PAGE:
# Create a smooth, well rounded aircraft nose (with a low poly constraint)

What's the best way/method to get a smooth, well-rounded aircraft nose-cone without a lot of space to create a gradual curve, or by adding tonnes of mesh?

My main problem is that I either end up with a point on the nose (if I scale the end cap wayy down), or, I'm left with a flat surface for the nose tip. This is for a game, so I can't use subsurface (the nose looks superb when I do that BTW. I wish there was a way to apply subsurface to selections only! -- but that's a rant for another day ;)

I've tried: a) adding a capsule primitive and using just the rounded cap-end to then bridge to the fuselage loop. But because the nose profile is a bit oblong and rotated downward on the z axis, that makes aligning the cap-mesh addition with the existing fuselage loop vertices impossible for a flowing line and light topology. b) Adding a bunch of loops to cause the final fall off to be gradual, but while that solved the curve issue a bit, I just then added a lot of mesh, and in the end I still have a flat nose-end-point anyway!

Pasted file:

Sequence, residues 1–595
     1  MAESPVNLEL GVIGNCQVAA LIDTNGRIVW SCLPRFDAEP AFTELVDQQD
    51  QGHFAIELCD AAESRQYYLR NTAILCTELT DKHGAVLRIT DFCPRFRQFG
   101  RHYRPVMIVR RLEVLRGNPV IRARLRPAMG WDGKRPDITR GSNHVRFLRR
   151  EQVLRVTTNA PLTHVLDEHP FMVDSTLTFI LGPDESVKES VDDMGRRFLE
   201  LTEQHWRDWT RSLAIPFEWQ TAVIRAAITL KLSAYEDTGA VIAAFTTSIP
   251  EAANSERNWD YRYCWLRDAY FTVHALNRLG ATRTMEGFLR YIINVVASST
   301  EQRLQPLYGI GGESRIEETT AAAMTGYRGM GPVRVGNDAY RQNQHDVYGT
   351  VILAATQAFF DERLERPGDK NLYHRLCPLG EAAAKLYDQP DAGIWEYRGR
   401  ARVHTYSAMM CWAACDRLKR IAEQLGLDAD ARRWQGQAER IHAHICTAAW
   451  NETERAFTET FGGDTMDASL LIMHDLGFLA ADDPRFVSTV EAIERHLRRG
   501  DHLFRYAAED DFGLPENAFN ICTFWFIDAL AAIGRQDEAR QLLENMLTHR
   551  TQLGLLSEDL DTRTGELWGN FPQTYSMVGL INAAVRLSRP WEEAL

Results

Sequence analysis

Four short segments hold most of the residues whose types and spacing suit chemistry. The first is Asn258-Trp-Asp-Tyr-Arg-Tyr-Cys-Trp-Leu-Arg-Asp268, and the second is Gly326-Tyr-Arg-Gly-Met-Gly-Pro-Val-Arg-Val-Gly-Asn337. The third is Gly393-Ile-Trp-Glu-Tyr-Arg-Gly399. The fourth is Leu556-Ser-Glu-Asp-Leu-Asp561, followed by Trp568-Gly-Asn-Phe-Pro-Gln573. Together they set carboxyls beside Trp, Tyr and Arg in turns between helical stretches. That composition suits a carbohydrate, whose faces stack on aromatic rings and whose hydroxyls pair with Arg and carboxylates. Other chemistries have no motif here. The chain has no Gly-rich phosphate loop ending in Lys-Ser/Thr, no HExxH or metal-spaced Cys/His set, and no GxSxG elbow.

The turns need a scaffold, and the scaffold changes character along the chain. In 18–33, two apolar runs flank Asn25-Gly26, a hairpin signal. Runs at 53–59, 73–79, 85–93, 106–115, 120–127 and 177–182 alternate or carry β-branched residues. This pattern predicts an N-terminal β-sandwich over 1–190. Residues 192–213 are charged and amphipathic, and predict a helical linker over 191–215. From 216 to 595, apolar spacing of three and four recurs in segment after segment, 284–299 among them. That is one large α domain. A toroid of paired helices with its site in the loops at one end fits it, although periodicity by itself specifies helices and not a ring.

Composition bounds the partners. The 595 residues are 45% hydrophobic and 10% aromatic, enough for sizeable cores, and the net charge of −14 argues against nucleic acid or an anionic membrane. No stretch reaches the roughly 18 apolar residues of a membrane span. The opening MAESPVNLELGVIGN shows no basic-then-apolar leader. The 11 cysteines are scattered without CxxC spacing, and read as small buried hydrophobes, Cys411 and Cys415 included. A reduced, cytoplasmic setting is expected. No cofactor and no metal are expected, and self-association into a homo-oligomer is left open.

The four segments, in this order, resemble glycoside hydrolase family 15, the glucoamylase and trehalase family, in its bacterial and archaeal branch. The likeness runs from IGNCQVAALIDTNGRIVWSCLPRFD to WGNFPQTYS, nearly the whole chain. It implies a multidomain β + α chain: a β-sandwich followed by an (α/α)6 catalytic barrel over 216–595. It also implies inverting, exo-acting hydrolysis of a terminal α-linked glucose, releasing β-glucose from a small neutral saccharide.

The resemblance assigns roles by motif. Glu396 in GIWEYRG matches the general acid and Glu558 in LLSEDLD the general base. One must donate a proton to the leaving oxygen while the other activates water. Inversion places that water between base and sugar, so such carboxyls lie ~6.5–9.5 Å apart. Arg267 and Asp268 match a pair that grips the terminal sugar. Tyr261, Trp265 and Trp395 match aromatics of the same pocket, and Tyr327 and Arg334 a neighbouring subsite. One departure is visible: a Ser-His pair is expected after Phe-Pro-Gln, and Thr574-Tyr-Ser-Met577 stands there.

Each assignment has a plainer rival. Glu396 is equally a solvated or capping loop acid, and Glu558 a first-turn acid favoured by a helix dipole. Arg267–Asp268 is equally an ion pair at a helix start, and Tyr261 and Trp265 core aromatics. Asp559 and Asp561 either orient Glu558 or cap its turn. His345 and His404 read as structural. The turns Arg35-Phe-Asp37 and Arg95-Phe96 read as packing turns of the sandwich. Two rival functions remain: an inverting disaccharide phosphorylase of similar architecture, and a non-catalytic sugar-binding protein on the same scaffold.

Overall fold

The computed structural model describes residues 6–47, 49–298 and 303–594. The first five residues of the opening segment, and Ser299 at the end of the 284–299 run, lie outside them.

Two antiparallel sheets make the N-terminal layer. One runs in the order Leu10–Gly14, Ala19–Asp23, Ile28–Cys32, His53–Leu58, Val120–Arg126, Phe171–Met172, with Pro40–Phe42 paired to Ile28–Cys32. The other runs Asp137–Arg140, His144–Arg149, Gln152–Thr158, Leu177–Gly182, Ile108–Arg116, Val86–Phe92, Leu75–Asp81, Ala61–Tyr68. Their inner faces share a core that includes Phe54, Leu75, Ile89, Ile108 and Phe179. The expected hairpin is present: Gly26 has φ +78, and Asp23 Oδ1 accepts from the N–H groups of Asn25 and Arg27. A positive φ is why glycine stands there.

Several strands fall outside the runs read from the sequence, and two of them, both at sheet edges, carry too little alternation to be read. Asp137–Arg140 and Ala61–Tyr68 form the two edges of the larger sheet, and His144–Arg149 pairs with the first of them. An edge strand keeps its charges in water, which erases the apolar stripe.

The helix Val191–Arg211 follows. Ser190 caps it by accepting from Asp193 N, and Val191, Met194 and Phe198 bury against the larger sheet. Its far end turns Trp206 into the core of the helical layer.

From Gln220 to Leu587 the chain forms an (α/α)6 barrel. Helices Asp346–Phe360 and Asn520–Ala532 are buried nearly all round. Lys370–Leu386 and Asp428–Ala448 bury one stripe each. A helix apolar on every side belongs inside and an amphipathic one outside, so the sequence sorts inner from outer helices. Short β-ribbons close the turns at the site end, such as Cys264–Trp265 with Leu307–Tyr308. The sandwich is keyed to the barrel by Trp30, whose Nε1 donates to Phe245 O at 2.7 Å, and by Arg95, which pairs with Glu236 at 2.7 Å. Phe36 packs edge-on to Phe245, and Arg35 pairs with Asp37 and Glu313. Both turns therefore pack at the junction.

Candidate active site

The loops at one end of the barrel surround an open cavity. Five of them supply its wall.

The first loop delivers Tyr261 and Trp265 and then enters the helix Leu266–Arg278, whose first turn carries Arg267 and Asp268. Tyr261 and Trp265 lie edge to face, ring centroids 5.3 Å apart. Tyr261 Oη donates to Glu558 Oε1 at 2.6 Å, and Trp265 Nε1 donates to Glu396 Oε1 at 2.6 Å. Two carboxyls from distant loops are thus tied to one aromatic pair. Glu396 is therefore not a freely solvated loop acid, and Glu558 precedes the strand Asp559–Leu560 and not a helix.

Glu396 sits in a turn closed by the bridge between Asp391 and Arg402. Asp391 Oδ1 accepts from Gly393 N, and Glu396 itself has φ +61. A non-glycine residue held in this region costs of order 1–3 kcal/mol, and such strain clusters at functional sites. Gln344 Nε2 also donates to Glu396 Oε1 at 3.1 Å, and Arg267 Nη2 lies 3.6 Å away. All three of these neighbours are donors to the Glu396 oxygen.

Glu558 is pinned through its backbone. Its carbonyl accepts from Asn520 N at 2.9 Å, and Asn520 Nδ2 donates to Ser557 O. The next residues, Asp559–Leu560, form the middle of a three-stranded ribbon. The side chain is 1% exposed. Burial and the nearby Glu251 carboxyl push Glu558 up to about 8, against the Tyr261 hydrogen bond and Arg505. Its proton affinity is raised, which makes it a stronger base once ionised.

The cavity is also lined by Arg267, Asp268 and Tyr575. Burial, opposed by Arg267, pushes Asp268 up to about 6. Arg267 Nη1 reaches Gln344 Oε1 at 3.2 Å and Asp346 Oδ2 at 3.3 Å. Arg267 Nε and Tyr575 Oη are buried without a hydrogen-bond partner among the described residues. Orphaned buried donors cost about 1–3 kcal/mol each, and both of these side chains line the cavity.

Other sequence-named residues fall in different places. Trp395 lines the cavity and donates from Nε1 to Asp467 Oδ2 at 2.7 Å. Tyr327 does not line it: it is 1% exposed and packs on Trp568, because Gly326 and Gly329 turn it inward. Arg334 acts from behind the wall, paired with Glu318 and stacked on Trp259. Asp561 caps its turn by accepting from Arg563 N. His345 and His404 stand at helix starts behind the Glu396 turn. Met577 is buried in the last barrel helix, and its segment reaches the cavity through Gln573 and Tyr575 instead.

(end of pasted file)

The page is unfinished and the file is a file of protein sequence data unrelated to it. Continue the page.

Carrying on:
I'm also constrained by the aircraft nose profile -- see the image. I essentially have just the short distance you see in the image between the last 2 loops to create a well rounded shape.

Here is what the nose looks like at this time:

Ideas? Thanks!!

• I'd reduce the number of vertices in the loops and spend more on areas where they contribute to the shape of the silhouette, e.g. the round nose. Generally it'd be a good idea to create a high poly model first which allows you to bake a normal map for the low poly. This way you can get plenty of detail even though you're not using actual geometry in that area Sep 14, 2019 at 22:45
• What do you mean by "lowpoly"? What are the constraints in terms of vertices/faces? Feb 23, 2020 at 18:41

I don't know whether this is lo-poly enough for you.. there's a similar number of edges around the cone, (quite hi-poly, in my book)

Assuming an even number of vertices in the circumference:

• Cut off the tip to your second line, select the perimeter of the hole